Really Weird Things About The Royal Family

Family secrets, strange traditions, and bizarre rituals are the standard for most families. After all, the things that make you and your relatives seem weird can also bring you closer together. Plus, many family quirks end up becoming cherished memories later in life. When BuzzFeed asked readers to share their strange family stories, the responses were priceless. One person revealed that their family keeps a rubber chicken hidden in the kitchen. Another said, "In my family, when cutting the birthday cake, you have to scream as loud as you can when the knife hits the plate." These families are living proof that the world is chock full of oddballs.

If your family is particularly kooky, you should know that you're in good company, because, as it turns out, Britain's royal family just might be the weirdest bunch on the planet. While the royals do their best to appear flawless and uncontroversial at all times, their wacky rules and strange traditions prove that they're nonetheless human. If the royal family can let their freak flag fly, then so can you.

Despite all of their idiosyncrasies, these strange revelations will remind you that the royals are anything but relatable. So, strap yourselves in because it's about to get royally weird.

They have a peculiar superstition about ravens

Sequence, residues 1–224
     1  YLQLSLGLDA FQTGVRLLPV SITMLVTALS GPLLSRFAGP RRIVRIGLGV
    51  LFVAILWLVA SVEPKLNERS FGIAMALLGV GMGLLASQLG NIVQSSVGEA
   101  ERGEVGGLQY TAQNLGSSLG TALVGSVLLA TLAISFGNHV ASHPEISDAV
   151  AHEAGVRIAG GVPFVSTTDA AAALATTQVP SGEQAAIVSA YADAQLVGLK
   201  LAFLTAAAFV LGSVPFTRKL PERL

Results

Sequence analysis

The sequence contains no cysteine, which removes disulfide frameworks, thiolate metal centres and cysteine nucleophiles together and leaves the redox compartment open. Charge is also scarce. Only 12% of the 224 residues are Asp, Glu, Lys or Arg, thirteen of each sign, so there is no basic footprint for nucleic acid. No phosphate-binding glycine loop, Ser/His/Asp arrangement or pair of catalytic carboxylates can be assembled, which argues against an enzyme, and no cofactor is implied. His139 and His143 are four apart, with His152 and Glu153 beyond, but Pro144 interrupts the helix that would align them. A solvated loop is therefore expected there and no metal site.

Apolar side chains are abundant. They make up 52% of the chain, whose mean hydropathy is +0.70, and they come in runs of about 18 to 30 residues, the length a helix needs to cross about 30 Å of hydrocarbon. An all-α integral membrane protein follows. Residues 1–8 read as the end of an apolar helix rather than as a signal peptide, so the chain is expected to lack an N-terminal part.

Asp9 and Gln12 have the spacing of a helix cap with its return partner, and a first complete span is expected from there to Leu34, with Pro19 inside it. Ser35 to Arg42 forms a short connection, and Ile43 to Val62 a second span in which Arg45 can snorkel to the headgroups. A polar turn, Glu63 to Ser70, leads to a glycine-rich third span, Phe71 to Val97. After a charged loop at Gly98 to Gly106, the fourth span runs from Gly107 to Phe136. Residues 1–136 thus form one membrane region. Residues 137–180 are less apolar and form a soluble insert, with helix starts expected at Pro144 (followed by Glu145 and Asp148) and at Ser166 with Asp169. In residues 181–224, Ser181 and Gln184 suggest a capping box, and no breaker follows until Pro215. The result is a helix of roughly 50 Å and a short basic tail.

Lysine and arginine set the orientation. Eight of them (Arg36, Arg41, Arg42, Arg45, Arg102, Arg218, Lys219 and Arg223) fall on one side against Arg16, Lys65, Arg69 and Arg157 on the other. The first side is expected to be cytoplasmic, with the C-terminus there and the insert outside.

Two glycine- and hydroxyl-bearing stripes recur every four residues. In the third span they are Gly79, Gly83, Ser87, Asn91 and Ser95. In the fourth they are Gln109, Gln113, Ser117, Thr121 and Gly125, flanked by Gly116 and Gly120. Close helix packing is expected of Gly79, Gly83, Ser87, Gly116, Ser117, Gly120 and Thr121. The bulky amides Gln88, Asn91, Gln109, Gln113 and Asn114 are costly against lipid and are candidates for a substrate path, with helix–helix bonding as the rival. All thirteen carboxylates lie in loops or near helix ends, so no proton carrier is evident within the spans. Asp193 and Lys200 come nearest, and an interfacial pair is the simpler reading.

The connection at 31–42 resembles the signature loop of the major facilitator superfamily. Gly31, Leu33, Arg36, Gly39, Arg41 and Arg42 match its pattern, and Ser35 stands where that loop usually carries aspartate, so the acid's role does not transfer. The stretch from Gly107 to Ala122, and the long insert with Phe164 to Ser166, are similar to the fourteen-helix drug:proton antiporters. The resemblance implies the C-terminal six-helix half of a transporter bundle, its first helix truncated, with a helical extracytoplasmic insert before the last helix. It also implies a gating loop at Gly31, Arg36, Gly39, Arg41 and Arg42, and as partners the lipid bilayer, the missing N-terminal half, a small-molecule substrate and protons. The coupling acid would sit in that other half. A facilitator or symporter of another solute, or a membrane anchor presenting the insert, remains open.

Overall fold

Ravens have a powerful presence in myths and legends all over the world. In some Native American cultures, for example, the jet-black birds represent creation and higher realms (per the American Museum of Natural History). However, many Westerners see the raven as an omen of doom and destruction. With their menacing eyes and haunting calls, it's easy to justify their eerie reputation. And as it turns out, even the royals are superstitious about ravens.

The Tower of London is a castle almost a thousand years old that sits in the heart of London. Legend has it that in the 17th century, six ravens took up residence in the structure (per Historic Royal Palaces). King Charles II, England's ruler at the time, became convinced that the British empire would fall if the birds ever left the tower. Centuries have passed, but a small group of ravens still roam the fortress grounds, acting as guardians to the Tower of London.

Today, England's legendary Tower ravens remain a colorful and important component of the country's history (per Historic UK). As you can imagine, the lifestyle of a royal tower raven is nothing short of lavish. The flock has its own caregivers, known as ravenmasters, who tend to their every need. Plus, the royal ravens get treated to extravagant meals, such as blood-soaked biscuits.

They have to accept gifts, regardless of how strange

The royal family is known for their polite ways, so it's no surprise that this gracious bunch is required to accept any and all gifts. When it comes to the monarchy, gift-giving is no easy task. After all, the dynasty already has all of the riches they could ever want. Plus, thanks to a 700-year-old statute, they even own all of the sturgeons, porpoises, whales, and dolphins in British waters (via Travel + Leisure). This begs the question: What do you get for the family that has it all?